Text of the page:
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Thread: Its breaking my heart but might have to stop nursing

  1. #11
    Join Date
    May 2006
    Posts
    21,107

    Default Re: Its breaking my heart but might have to stop nursing

    Ah, the UK! Now the vaginal breech birth makes more sense. The US is all about the obstetricians, and midwives are considered a fringe choice.

    I'm sorry you can't get help around the house. It is so hard to balance pumping and baby care. One thing to remember- this is a short period in your baby's life. If pumping means that sometimes he fusses because you cannot immediately run to him and pick him up, that's okay. He's not going to remember.

    Having too much milk makes the challenge of mastitis much more difficult to deal with. You are correct that emptying the breast is likely to perpetuate or even exacerbate oversupply, and that can in turn make mastitis more likely to occur. But when you're dealing with oversupply and mastitis together, the rule is to treat the mastitis first, beat it, and then work on reducing supply once the infection is gone. Therefore, I highly recommend pumping the affected breast frequently, emptying it as completely as you can (massage will help) until the mastitis is 100% gone. Once it is, start allowing more milk to sit in the breast in between feeding or pumping sessions. Don't let yourself get engorged- if you have a tendency towards mastitis you want to go slow, and not let too much milk build up in the breast.

    Now, as far as the non-mastitis breast goes, try to empty it a little less aggressively than you are doing right now. 4 oz at a time is a lot to take out at once. I think you might do well to try to stop at 2-3, particularly because it sounds like you have absolutely no shortage of milk right now, and no need to stockpile vast amounts.

    Because milk is continuously being made, the breast will never really empty out, but if you can pump for a couple minutes past the last drops you have probably done quite a good job of getting it emptied.

    I also strongly suggest that you be more rigorous about maintaining some sort of pumping schedule, particularly for the infected breast. When a mom with oversupply is able to nurse, she is generally advised to nurse frequently. Allowing the baby to take smaller amounts of milk more frequently keeps the breast from getting too full and uncomfortable, and just moving the milk through, albeit slowly, will likely remove the risk of plugged ducts/mastitis taking hold. I'd love to see you pump every 2-3 hours throughout the day. Every 4 at night is a little longer than I'd want to do- but you need your rest and should feel free to take those 4 hour stretches if necessary.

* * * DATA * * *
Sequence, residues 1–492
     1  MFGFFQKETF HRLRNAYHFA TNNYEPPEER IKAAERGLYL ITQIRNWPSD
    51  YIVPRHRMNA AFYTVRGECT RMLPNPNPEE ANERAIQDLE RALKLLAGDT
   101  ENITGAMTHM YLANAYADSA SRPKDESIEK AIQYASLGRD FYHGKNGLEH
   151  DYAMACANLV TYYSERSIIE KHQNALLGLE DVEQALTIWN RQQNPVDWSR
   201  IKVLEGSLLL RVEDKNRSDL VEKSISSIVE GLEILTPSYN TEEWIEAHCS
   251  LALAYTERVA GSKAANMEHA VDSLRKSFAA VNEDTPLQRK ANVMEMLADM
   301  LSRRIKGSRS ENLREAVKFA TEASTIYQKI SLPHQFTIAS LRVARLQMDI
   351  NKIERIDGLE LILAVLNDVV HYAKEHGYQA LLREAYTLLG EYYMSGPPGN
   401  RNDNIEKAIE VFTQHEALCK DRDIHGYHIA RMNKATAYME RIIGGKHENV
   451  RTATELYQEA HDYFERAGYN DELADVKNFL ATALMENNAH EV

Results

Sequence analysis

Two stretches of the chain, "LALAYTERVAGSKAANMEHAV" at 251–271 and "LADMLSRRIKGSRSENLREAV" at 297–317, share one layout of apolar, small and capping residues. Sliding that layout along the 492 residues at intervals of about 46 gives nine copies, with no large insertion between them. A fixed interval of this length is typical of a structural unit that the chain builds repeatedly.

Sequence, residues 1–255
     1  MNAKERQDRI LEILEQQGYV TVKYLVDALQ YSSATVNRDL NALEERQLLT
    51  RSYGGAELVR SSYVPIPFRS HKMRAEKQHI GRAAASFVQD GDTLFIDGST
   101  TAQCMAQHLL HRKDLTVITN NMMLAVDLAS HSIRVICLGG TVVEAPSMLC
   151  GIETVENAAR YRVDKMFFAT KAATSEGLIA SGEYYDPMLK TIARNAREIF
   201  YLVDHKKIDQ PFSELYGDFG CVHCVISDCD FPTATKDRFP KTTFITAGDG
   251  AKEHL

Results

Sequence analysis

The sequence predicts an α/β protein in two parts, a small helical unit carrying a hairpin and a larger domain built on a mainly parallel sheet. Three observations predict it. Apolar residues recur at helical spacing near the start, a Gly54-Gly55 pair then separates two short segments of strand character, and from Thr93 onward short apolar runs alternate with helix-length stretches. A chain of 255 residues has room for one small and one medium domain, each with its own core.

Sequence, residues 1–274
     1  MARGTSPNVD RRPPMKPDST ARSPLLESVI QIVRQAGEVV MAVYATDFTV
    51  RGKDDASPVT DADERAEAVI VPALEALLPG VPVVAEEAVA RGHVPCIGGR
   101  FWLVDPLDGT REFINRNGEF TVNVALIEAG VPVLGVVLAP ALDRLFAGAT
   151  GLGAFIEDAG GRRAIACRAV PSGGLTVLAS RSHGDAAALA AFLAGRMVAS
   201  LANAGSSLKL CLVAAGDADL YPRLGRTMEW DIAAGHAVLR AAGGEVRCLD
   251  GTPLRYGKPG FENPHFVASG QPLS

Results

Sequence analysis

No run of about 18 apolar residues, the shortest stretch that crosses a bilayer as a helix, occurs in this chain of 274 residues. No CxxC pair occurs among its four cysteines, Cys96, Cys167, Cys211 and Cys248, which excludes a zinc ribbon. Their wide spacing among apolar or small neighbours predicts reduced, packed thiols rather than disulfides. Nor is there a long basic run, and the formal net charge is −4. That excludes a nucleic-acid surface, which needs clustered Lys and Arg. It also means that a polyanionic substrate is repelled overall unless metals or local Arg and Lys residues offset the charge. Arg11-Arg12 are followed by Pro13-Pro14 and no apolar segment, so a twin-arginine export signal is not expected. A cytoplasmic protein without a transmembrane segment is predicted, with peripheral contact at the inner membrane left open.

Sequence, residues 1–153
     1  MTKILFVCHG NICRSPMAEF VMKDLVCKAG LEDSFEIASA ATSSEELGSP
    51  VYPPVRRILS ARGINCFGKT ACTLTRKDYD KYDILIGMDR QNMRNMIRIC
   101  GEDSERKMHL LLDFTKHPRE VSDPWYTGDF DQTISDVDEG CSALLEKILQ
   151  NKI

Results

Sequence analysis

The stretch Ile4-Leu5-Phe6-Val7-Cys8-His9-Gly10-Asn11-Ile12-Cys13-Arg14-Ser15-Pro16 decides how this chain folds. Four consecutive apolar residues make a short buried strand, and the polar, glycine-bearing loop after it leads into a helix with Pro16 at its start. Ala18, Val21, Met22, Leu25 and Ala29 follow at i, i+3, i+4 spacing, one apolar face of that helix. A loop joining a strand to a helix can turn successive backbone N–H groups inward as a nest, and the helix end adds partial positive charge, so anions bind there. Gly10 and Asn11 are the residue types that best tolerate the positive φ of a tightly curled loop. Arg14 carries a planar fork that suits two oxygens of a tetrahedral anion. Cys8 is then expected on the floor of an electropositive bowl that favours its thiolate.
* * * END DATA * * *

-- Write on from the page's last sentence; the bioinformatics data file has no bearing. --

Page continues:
Fixing a difficult latch is sometimes easy, and sometimes it's just about impossible. You just have to wait for that tiny mouth to grow. Did anyone show you the "nipple sandwich" technique? That can sometimes help you cram the maximum amount of breast into a tiny mouth.

    ETA: 3 possibilities forlong feeds- either he's a big-time comfort nurser, or he's just a slow (maybe sleepy?) feeder, or his latch is so poor that it takes him a long time to transfer adequate milk.
    Coolest thing my big girl said recently: "How can you tell the world is moving when you are standing on it?"
    Coolest thing my little girl sang recently: "I love dat one-two pupples!"

  2. #12
    Join Date
    Mar 2010
    Location
    Northern Cal.
    Posts
    4,984

    Default Re: Its breaking my heart but might have to stop nursing

    I think in your shoes, it's going to be really hard to figure out whether your pain is associated with a bad latch, mastitis, or thrush. The latter two can cause a ton of pain and tear your nipples to shreds even if your latch is fine. And if your baby has a high palette, nothing is going to fix that but a bit more time (but it is something that usually gets better as the baby gets older). But I'm betting that if you could get the mastitis and possible thrush under control, you might start to feel a lot better. So I would start there.

    Asking to culture your nipples is not common in the US, either. However, it's not rocket science, and doctors anywhere can do it. It probably won't be suggested to you (except by really great doctors) and you'll have to ask for it, though.


    You can call me JoMo!

    Mom to baby boy Joe, born 5/4/09 and breastfed for more than two and a half years, and baby girl Maggie, born 7/9/12.

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